The rivalry, played nearly annually since 1978 and scheduled through 2031, instead became a casualty of Notre Dame's decision to pledge five games of its 12-game schedule to the Atlantic Coast Conference. Notre Dame bailed out of the rivalry for the three years after 2014. The schools had scheduled a two-year break in 2018-19. What happens after that, no one is prepared to say.

The Notre Dame-Michigan game will no longer signify the arrival of autumn, a task it has performed every September for a generation. The memory of Raghib Ismail's two kickoff returns for touchdowns for the Irish in 1989, or Wolverines kicker Remy Hamilton's 42-yard game-winning field goal in 1994, or the craziness of the final minute of last year's game, will fade in importance.

If you are a college football fan who considers those memories to be manna from heaven, then the announcement by Notre Dame on Tuesday is a heartbreaker. But if you sit where Notre Dame athletic director Jack Swarbrick sits, you may understand why Michigan is expendable. Once you set aside tradition and passion, Michigan doesn't offer Notre Dame anything that it can't get elsewhere.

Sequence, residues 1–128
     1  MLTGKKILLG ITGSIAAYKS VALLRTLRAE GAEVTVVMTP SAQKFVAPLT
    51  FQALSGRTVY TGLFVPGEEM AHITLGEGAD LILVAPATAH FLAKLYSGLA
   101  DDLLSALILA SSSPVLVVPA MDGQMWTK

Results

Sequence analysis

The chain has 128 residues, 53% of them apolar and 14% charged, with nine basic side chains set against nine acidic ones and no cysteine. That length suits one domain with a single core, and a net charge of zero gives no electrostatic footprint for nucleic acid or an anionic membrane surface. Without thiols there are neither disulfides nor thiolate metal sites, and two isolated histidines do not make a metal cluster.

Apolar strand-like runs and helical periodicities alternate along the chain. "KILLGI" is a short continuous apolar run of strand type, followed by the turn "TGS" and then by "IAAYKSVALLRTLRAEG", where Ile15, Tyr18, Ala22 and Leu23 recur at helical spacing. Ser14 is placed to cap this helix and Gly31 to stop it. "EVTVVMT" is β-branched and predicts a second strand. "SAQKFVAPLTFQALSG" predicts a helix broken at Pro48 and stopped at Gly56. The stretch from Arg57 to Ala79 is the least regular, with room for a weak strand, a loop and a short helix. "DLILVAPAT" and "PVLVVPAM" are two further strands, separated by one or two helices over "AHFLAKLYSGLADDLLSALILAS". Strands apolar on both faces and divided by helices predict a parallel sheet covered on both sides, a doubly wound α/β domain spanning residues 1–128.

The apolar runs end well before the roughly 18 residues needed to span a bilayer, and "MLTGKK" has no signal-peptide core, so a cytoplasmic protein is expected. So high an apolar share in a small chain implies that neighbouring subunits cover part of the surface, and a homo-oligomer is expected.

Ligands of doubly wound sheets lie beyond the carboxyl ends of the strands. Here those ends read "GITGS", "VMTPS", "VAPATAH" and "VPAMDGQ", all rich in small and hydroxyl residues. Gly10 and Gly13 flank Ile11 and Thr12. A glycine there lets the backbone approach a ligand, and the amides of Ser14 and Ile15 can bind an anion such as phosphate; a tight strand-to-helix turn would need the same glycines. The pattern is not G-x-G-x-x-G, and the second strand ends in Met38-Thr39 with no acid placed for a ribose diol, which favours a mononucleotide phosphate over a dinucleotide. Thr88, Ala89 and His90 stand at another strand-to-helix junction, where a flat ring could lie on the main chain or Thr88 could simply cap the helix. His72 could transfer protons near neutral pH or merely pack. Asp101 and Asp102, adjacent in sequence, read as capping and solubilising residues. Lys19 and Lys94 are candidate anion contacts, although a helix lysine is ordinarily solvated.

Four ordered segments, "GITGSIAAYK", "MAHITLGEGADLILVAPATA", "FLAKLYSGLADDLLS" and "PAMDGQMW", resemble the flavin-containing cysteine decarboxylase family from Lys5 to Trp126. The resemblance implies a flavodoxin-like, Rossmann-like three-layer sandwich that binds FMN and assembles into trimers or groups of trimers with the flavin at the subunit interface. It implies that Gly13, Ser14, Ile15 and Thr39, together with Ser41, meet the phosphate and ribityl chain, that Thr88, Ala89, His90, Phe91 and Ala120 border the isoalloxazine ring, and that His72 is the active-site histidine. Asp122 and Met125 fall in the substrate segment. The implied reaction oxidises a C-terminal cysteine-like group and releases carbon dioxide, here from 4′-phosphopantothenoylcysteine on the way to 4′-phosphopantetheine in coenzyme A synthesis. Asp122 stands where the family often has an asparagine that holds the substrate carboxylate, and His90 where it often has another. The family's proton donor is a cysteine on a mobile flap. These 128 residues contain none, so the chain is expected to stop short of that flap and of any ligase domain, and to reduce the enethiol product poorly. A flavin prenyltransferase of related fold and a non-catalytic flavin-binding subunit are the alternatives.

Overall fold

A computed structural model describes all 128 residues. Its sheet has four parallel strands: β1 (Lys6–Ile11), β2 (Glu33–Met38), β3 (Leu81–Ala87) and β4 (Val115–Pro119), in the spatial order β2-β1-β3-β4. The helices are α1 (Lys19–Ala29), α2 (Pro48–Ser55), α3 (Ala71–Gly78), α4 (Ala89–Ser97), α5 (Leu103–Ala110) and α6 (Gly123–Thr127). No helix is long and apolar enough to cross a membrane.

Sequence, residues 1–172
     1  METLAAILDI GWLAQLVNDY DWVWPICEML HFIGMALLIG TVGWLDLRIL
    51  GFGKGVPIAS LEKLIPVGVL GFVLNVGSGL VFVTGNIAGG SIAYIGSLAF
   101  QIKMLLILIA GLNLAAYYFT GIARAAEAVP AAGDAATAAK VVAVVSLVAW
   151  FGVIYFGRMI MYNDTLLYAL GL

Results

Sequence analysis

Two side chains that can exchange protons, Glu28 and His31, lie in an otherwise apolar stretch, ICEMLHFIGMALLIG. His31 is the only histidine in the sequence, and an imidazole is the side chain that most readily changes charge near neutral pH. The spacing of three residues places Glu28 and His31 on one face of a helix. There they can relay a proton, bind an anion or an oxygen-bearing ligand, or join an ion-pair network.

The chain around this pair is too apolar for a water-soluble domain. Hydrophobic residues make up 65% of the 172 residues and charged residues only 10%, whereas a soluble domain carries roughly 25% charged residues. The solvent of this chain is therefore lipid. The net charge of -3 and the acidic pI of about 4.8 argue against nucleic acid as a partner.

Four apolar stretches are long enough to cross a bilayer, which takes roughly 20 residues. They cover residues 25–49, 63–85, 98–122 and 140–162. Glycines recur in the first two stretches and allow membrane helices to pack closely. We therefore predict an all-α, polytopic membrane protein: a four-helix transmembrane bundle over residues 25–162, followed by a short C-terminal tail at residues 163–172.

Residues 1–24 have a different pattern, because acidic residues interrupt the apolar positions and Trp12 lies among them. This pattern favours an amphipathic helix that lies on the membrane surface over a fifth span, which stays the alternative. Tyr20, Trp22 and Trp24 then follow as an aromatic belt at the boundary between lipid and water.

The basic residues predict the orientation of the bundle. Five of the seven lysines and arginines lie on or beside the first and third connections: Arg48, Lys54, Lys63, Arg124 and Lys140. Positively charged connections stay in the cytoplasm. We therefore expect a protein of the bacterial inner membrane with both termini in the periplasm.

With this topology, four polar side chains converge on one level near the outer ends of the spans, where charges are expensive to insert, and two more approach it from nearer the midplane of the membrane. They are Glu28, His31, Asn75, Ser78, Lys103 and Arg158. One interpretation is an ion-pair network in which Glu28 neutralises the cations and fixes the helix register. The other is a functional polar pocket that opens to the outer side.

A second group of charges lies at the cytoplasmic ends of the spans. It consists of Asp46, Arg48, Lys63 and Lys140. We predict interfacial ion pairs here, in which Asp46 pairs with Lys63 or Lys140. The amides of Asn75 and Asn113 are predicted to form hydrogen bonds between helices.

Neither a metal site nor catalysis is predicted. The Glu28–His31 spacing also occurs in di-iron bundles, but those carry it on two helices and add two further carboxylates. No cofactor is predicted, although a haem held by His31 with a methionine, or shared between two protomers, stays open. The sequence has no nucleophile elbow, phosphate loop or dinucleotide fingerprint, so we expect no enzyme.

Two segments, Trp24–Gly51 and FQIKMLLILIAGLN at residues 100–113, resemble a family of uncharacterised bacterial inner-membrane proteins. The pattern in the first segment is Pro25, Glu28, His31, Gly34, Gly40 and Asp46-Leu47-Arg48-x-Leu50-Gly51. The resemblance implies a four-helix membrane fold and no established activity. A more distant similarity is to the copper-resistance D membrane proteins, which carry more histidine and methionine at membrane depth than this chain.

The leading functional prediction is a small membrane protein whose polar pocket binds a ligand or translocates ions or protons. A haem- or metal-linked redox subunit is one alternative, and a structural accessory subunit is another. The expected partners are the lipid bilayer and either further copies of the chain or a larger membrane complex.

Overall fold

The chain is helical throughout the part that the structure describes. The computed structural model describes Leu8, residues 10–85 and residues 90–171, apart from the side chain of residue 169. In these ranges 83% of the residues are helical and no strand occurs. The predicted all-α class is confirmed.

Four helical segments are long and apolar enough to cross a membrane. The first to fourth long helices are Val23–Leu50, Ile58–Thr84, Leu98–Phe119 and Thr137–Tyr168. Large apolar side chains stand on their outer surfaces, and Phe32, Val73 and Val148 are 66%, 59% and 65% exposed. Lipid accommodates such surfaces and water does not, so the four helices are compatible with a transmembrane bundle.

Of course, tradition and passion are what separate college football from the other beasts in the American sports jungle. But Vegas will tell you that tradition and passion are two-touchdown underdogs to the athletic department balance sheet for a reason.

Of the remaining seven slots on the Notre Dame schedule, one will be filled by USC, Notre Dame's most storied rival. They will play their 84th game this season. One will go to Stanford, and not at all because Swarbrick graduated from Stanford Law School. Notre Dame likes the affiliation with Stanford (see brains, brawn) and playing the Cardinal means that the Irish will play a football game in California every season.

Notre Dame also will not turn its back on Navy, which kept the school alive during World War II by placing a V-12 training program there. Notre Dame shows its gratitude by playing the Midshipmen in perpetuity (and occasionally in Dublin).